I subscribe to a local Business Journal who each year recognizes top managers in business, including corporate officers, Human Resources, Facility Managers, and Information Technology. These are all important functions in organizations, serving important roles in any business. The question arises as to why Occupational Safety and Environmental managers are not recognized as important to the greater business community.
The majority of studies and white papers on this subject typically point to communication barriers between EHS professionals and executive management, and a lack of standard metrics to measure environmental health and safety’s (EH&S) performance.1 A 2006 BLR report study even discusses practical strategies for adding business value to EH&S. To put it simply, the premise is that the EH&S professional must regularly validate their usefulness to the organization. 2 EH&S professionals frequently use the argument that this function adds value because it is “the right thing to do”. Virtually no other function in an organization requires such justification, regardless of the size of the company. Simply join any Linkedin group dedicated to this profession where many of the posts query how best to achieve a successfully integrated EH&S program.
This article intends to identify some the reasons for this disconnect between EH&S as a value-added function and the perception of our function on management.
- Safety is defined differently by the EH&S professional and management
The job title and role will vary depending on the organization’s perception of the role. A good EH&S professional looks at their role as a risk manager, while management may think of this position as regulatory compliance only. This disconnect between philosophies can result in the EH&S person defending the other elements and functions outside compliance.I often tell current and prospective clients that complying with OSHA does not equate to a safe workplace.
- The technical abilities and background of the safety position
Who is the person filling the safety position? Do they have a professional certificate, a college degree, or technical discipline (e.g. Health Physicist, Toxicologist, Public Health, etc.)? Or was this person “promoted’ to fill a vacancy or a perceived need? I contend that one’s educational and experiential background helps determine how well they assimilate their knowledge of the field into effective program implementation.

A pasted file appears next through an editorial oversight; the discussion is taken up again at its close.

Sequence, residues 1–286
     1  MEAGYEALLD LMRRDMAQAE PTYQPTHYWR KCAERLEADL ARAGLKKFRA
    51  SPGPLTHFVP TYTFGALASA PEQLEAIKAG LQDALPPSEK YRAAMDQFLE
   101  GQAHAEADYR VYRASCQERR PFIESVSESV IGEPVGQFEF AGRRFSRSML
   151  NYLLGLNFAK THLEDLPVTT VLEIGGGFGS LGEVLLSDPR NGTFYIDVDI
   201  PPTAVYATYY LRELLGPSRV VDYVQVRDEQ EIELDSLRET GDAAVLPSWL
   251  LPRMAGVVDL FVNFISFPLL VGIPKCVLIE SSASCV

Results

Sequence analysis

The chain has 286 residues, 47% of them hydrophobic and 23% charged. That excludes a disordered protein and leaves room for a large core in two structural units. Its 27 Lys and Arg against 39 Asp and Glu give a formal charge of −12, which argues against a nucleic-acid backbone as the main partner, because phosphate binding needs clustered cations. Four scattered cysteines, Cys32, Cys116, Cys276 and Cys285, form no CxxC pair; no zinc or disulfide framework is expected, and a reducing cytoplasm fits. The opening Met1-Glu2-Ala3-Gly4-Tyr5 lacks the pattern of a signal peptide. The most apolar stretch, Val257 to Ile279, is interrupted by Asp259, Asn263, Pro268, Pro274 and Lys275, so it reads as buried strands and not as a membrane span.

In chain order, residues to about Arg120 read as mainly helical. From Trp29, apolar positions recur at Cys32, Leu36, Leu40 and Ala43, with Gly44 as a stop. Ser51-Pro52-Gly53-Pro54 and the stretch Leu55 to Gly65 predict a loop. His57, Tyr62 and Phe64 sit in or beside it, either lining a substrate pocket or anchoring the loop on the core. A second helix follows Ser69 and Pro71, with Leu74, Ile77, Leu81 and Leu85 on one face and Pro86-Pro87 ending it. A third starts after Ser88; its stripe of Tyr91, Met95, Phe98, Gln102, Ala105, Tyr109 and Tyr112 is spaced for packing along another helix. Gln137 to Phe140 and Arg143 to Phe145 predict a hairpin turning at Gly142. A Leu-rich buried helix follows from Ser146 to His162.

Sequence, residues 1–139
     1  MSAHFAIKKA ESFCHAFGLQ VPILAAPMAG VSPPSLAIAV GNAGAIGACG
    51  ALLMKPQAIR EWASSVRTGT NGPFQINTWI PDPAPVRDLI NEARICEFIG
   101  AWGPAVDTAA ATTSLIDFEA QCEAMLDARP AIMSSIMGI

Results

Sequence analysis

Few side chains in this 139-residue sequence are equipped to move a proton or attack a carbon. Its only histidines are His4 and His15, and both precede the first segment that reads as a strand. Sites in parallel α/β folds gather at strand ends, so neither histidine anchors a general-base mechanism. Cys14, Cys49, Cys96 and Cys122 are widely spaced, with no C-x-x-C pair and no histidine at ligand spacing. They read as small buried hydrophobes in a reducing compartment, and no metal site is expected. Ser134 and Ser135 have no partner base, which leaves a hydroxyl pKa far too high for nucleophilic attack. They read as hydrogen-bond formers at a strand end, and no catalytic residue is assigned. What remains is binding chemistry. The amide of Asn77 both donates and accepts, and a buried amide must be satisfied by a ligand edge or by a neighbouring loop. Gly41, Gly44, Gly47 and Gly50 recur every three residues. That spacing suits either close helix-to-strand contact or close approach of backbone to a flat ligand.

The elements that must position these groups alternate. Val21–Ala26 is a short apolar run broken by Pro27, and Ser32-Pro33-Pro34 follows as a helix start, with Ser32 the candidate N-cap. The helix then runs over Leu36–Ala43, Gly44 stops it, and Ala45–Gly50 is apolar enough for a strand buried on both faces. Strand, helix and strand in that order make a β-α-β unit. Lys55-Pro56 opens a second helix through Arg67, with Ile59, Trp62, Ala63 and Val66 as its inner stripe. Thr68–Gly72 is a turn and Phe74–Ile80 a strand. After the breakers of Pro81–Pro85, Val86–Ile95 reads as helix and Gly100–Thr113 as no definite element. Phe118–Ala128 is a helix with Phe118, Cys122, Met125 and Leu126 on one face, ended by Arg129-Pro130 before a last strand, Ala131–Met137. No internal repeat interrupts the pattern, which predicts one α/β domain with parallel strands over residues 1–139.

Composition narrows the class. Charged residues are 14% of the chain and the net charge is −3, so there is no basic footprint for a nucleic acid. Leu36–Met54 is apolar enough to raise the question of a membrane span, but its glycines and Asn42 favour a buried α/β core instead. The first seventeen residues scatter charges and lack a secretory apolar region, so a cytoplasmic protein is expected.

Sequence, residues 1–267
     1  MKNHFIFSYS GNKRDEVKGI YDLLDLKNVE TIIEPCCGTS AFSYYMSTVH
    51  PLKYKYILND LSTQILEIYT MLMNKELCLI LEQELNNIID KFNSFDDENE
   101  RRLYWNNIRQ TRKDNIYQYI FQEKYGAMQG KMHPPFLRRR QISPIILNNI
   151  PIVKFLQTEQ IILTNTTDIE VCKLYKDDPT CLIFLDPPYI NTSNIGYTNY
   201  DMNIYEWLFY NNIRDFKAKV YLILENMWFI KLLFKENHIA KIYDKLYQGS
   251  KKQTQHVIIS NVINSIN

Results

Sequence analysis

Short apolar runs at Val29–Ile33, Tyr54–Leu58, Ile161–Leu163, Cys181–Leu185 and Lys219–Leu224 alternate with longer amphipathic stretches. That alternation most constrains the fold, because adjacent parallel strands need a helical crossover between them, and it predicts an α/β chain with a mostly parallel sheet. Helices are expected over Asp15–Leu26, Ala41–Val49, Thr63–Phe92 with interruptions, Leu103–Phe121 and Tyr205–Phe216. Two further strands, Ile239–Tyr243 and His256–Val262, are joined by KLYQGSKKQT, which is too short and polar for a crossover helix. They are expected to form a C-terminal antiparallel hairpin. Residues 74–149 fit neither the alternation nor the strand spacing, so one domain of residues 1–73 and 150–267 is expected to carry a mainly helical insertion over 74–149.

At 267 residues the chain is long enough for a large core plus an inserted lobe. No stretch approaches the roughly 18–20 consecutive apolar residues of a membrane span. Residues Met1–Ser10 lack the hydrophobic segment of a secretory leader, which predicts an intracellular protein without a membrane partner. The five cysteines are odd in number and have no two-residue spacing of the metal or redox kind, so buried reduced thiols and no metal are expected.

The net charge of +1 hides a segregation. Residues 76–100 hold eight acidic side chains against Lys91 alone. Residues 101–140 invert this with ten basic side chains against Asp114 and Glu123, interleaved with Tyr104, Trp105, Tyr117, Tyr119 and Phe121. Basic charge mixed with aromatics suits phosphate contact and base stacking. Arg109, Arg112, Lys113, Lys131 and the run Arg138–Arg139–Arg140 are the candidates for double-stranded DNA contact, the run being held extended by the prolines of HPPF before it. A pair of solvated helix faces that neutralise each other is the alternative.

- The quality and type of program supported by the organization
Organizations with no experience with formal and good (a.k.a. effectively integrated into the organization) EH&S programs will require a greater learning curve to adopt the mindset of supporting it as a value-added program. Organizations who appoint an unskilled employee as the Safety Officer, or one who is promoted without a safety or environmental background, are also likely to diminish the capacity and value of EH&S. The employee may not have any idea about integrating the program into corporate goals and objectives, and may even be obstructed from participating in areas where a skilled professional is clearer on how to support the overall objectives of the organization
See the video Introduction to Environmental Health and Safety
- Culture and the Safety Program
Numerous programs, such as behavior-based safety, have been introduced over the years, and rely almost exclusively on support from within the organizational culture to be effectively implemented. New metrics and data-tracking technologies and programs arise every few years, yet the reality is that many of these fail because the organization either feels there is no need for capital outlay for new programs or that they do not align with organization objectives.
- Funding of the Program
The quality and type of program will also determine whether the EH&S program is funded, or whether it is lumped into other departmental budgets, such as Facilities, Human Resources, or even general expenditures. EH&S programs with a budget often achieve greater returns on the program because its progress and implementation are tangible and reviewed at least annually, thereby demonstrating EH&S as serving the company’s needs and objectives.
Notice how the term organizational objectives continue to creep into this discussion. When EH&S is perceived as only compliance or as extraneous to the overall corporate goals and objectives, the professional will not be recognized as a vital support and service provider to their organization. Without a common thread defining our profession and the value it can have on an organization, EH&S professionals will not achieve industry recognition for a program solely dedicated to “doing the right thing”.
1 Galt, David. How to Promote the Business Value of EHS, ASSE PDC Proceedings Session No. 526 (Retrieved July 17, 2013)
2 Lagana, Kelly. Measuring EHS Performance, Environmental Daily Advisor. February 4, 2013.